- Written by James England
To prepare for the General Data Protection Regulations (GDPR)
There is much you can do to begin preparing for the new regulations. In doing so, you can be confident you are meeting the current Data Protection Act (DPA) making you better prepared for the GDPR.
Both the DPA and the GDPR relate to the personal data you collect and store about pupils and their families as well as staff data.
- What data are we collecting?
Audit what data you are collecting across the school, where it is held, how it is collected and what is collected. Whilst most data is collected and held within your management information system, other software across the school collects and holds data. Delegating this to teaching and non-teaching staff will help you to identify areas of the school that need additonal support as you work towards being GDPR compliant.
- Why are we collecting it?
To meet the GDPR, all data collection must be necessary. Consider if this is the case for everything you are collecting. This also applies to historical data you hold on past pupils and staff.
- Have people consented to it being collected?
Have your pupils, parents and colleagues agreed to you collecting the personal data you hold on them? The GDPR states that consent must be explicit and you should consider how you are currently gathering consent and any gaps. This means everyone must be aware of how you are going to use the data they are providing to you and that you only use it for these reasons.
From your audit, you can begin to build an action plan to be ready for May 2018. The action plan will raise questions such as, training and development priorities, how to ensure you are asking for the correct consent and any data that you should no longer be collecting. Remembering that on the 25th May 2018, your school must be compliant and not working towards compliance.
- Written by James England
As part of the current Data Protection Act, you will already have clear policies and procedures for collecting and handling data in your school. All of this will help you to prepare for the more stringent GDPR.
This checklist has been adapted from the Information Commissioner’s Office (ICO) guidance so that it relates to your school context.
Ensure your senior team, governing body and other key people are aware that the law is changing to the GDPR. They need to be aware of the impact this is likely to have on the school and how they work. Tip: include GDPR as a fixed item on meeting agendas for governors and the senior team.
- Information you hold
Document the personal data you hold, where it came from and who you share it with. Carry out a whole-school information audit and include pupil, parent and staff information. This includes non-electronic information such as print-outs as well as information held on memory sticks and other devices. If data is held electronically, is it password protected and encrypted? If it is held on paper, is it held securely and appropriately?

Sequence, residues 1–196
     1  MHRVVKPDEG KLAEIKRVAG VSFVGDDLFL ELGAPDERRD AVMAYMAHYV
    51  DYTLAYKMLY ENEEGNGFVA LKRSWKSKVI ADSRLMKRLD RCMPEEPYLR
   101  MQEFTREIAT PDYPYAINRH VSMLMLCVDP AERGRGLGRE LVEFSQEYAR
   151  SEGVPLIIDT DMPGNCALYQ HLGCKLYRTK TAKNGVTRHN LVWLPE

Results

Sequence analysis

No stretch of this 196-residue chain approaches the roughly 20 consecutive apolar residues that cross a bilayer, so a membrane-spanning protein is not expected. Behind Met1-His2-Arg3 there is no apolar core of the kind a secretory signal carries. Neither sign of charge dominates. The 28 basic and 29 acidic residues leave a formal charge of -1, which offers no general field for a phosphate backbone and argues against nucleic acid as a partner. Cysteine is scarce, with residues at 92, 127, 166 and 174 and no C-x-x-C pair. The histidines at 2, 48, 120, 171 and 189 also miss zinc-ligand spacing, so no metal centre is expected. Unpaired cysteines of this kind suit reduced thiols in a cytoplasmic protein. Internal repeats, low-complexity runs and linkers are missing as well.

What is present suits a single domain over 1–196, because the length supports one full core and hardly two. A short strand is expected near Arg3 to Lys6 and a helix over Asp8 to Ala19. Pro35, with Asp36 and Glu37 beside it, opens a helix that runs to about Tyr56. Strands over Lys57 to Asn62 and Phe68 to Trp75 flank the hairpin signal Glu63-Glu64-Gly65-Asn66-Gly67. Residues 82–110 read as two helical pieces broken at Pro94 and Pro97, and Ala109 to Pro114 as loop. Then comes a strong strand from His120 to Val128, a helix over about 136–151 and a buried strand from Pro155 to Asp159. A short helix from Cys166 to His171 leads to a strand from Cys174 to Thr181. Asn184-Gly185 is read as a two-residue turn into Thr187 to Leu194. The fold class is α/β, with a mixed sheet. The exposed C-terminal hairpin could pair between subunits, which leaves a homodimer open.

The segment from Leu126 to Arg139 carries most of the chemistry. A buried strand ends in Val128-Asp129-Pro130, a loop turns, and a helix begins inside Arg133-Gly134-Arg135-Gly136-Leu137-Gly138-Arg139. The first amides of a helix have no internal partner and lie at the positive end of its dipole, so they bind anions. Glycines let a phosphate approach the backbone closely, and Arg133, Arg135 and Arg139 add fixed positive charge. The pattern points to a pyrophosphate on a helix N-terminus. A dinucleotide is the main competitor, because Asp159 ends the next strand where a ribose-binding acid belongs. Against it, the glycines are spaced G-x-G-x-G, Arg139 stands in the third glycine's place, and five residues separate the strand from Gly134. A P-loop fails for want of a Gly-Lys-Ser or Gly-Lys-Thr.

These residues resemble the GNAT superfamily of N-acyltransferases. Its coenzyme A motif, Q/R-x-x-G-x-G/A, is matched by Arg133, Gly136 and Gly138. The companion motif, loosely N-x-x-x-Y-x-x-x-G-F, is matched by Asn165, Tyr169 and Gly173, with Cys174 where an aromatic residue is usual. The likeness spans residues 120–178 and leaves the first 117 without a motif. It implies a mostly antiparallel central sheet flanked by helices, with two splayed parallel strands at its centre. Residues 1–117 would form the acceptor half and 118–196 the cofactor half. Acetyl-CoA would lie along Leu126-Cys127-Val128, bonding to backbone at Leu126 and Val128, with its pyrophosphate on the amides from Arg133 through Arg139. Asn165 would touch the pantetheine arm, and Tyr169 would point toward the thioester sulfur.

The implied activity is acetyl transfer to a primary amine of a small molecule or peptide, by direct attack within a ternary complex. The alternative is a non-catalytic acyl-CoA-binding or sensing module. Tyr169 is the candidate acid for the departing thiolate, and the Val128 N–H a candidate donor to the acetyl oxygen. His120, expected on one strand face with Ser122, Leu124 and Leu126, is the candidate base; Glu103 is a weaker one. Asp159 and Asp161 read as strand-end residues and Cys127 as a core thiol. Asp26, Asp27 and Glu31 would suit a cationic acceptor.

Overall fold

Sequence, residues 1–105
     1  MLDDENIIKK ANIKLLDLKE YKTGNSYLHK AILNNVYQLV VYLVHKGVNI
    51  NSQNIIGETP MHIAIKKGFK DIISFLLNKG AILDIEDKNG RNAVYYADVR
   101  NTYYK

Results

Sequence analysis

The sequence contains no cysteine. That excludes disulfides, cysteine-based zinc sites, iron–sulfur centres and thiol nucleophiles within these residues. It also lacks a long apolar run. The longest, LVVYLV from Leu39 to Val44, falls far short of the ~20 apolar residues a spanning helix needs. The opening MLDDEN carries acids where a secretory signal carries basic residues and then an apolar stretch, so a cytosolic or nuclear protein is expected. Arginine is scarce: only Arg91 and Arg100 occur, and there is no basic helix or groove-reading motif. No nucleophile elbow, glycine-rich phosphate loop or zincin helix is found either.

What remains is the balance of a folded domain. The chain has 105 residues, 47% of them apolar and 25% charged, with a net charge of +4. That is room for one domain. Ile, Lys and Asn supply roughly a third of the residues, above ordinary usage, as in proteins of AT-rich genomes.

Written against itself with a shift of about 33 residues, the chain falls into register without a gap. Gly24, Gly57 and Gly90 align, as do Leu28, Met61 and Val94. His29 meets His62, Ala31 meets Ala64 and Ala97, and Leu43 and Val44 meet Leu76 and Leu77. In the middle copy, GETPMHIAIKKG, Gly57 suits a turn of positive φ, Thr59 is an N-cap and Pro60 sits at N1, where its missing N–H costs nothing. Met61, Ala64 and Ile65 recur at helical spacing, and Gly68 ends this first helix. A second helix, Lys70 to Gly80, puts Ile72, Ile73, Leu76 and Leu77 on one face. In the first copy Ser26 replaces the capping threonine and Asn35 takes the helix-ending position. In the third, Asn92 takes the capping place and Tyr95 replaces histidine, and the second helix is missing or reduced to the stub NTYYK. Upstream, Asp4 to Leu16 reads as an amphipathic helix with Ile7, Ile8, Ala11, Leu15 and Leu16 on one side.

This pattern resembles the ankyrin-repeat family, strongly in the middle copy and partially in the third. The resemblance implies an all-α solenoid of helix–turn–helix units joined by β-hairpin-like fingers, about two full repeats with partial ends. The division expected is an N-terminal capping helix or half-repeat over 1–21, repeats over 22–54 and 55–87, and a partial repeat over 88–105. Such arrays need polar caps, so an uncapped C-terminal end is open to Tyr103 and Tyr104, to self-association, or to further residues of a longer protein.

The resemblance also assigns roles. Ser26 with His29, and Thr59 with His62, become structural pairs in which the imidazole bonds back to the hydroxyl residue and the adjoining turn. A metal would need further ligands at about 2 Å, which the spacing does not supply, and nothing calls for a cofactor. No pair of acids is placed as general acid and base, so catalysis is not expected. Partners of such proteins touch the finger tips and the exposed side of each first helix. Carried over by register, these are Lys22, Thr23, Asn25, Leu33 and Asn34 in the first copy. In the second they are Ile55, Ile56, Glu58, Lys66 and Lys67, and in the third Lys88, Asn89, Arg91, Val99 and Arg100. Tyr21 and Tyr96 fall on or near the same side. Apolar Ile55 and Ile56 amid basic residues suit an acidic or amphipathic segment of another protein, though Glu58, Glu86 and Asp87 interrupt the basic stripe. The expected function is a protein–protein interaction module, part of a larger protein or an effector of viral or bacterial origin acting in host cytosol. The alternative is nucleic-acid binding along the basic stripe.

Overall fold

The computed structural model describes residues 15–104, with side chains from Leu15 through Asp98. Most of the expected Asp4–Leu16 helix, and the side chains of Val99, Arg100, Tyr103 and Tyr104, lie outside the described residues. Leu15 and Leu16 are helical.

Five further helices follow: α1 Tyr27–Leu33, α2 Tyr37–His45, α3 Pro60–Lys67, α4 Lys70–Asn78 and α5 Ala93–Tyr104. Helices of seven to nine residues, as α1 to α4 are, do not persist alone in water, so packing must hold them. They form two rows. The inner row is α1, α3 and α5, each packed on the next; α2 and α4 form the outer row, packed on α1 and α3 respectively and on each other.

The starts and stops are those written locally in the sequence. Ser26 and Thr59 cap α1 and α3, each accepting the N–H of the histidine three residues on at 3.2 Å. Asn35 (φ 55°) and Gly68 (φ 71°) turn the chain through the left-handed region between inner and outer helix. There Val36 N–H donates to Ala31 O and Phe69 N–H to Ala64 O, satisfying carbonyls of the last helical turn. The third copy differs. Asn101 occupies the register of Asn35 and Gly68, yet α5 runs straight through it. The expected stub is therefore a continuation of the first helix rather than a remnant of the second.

- Communicating privacy information
Review your current privacy notices and put a plan in place for making any necessary changes in time for GDPR implementation.
- Individuals’ rights
Check your procedures to ensure they cover all the rights individuals have, including how you would delete personal data or provide data electronically and in a commonly used format.
- Subject access requests
Update your procedures and plan how you will handle requests within the new timescales and provide any additional information. Rehearse a subject access request to ensure you are able to produce one within the required 40 days.
- Legal basis for processing personal data
Look at the various types of data processing you carry out, identify and document your legal basis for carrying it out. This will include speaking to colleagues across the school.
Review how you are seeking, obtaining and recording consent and whether you need to make any changes.
The GDPR states that consent must be obtained from parents of pupils under the age of 13, over this, the child can give their own consent. Consider how and if this will work in your school.
- Data breaches
Ensure you understand what a data breach is and that you have the right procedures in place to detect, report and investigate one. Do other people know what to do?
- Data protection by design and data protection impact assessments
Familiarise yourself with the guidance the ICO has produced on Privacy Impact Assessments and how and when to implement them in your school.
- Data Protection Officer (DPO)
Designate a data protection officer or someone to take responsibility for compliance and assess where this role will sit within your school’s structure and governance. The DPO must be impartial and can be someone from outside of the school.
If your school operates internationally, you should determine which data protection supervisory authority you come under.
How we can help
At Data Protection Education, we can support your school and staff to understand their responsibilities and ensure you comply with the new regulations. We offer three levels of training and support and our gold package includes the provision of a data protection officer. Read more about the packages here or call us to talk about which package is most suitable to your school.